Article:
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List of chief executive officers

The following is a list of chief executive officers of notable companies.

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List of Governors of Florida

The Governor of Florida is the head of the executive branch of Florida's state government and the commander-in-chief of the state's military forces.

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List of impostors

An impostor (also spelled imposter) is a person who pretends to be somebody else, often through means of disguise.

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In finance, a loan is the lending of money by one or more individuals, organizations, and/or other entities to other individuals, organizations etc.

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Lou Pearlman

Louis Jay "Lou" Pearlman (June 19, 1954 – August 19, 2016) was an American record producer and fraudster.

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Mail and wire fraud

In the United States, mail and wire fraud is any fraudulent scheme to intentionally deprive another of property or honest services via mail or wire communication.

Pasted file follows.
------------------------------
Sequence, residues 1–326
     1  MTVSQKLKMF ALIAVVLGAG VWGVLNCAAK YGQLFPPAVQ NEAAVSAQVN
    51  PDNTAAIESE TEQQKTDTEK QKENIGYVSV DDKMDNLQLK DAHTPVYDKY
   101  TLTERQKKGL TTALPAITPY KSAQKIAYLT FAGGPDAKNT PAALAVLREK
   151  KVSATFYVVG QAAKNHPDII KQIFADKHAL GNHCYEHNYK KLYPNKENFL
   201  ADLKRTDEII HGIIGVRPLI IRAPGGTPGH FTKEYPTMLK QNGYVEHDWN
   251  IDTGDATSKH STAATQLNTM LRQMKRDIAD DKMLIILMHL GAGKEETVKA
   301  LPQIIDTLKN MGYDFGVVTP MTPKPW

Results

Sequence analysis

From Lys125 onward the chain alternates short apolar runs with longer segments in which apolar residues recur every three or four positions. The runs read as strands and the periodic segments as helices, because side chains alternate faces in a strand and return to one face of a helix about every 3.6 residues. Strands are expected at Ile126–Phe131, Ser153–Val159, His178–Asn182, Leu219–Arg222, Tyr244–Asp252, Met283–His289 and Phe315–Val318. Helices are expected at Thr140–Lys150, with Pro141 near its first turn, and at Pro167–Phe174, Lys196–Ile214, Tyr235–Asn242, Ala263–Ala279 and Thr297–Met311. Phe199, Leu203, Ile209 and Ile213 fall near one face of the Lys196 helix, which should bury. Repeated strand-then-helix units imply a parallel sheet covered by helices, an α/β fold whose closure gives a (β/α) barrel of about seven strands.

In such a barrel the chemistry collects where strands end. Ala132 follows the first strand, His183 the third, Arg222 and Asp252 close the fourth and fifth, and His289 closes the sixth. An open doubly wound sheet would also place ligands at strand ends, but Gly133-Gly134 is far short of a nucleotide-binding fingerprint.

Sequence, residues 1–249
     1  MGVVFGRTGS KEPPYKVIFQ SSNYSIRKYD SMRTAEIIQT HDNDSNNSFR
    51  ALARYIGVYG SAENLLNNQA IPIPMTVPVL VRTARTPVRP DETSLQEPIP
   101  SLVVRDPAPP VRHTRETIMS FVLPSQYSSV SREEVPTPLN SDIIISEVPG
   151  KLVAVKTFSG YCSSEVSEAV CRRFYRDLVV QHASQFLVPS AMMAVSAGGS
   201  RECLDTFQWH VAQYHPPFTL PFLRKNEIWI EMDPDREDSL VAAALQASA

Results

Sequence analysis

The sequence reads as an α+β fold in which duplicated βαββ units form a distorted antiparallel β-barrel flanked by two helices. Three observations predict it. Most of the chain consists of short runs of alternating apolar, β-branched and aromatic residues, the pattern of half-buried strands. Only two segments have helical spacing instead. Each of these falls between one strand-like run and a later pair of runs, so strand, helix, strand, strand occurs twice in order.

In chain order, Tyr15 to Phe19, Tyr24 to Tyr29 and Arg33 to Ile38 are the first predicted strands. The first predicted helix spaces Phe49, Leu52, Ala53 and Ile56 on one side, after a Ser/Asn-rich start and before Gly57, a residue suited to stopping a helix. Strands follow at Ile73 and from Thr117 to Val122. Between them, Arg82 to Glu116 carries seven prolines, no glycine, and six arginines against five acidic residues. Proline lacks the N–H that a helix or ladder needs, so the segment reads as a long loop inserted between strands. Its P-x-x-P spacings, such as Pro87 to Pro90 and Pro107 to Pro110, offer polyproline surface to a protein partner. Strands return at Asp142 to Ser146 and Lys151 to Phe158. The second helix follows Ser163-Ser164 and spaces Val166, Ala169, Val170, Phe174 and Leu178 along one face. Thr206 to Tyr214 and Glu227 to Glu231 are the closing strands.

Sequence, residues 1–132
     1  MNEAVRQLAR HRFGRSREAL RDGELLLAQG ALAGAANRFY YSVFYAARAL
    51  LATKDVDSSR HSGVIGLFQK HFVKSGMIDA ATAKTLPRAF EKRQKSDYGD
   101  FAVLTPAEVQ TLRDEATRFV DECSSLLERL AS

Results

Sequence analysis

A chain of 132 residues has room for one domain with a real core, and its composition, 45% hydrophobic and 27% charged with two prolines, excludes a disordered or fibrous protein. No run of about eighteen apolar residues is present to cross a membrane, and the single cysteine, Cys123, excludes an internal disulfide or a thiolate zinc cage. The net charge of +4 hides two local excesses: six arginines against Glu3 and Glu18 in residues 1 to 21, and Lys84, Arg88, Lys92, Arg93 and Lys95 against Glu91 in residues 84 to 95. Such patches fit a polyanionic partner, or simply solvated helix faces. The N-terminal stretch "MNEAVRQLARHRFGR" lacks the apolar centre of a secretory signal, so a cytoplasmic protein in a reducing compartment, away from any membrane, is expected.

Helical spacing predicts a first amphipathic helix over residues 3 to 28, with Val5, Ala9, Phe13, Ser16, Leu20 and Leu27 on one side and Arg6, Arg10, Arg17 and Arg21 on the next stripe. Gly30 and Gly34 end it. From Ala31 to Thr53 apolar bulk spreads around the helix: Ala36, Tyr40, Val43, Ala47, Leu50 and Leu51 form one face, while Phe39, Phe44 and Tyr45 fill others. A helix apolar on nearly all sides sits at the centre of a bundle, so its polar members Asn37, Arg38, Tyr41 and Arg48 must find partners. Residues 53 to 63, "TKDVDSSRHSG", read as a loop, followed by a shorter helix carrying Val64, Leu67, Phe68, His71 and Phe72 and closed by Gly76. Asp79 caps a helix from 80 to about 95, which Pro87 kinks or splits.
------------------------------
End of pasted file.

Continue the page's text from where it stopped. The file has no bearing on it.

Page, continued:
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Marc Dreier

Marc Stuart Dreier (born May 12, 1950) is a former American lawyer who was sentenced to 20 years in federal prison in 2009 for committing investment fraud using a Ponzi scheme.

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Mark Nigrini

Mark J. Nigrini, born in Cape Town, South Africa, is a faculty member at the College of Business and Economics at West Virginia University in Morgantown in the US state of West Virginia.

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Martin Frankel

Martin R. "Marty" Frankel (born 1954) is an American financial criminal who conducted a series of investment frauds in the late 20th century, causing hundreds of millions of dollars in losses.

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Matt the Knife

Not to be confused with Matt the Knife the WFTDA referee from Rainy City Roller Girls. "Matt the Knife" (also called MTK; born 1987) was born in Massachusetts and grew up in Boston, but now resides in Rhode Island.

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MCI Inc.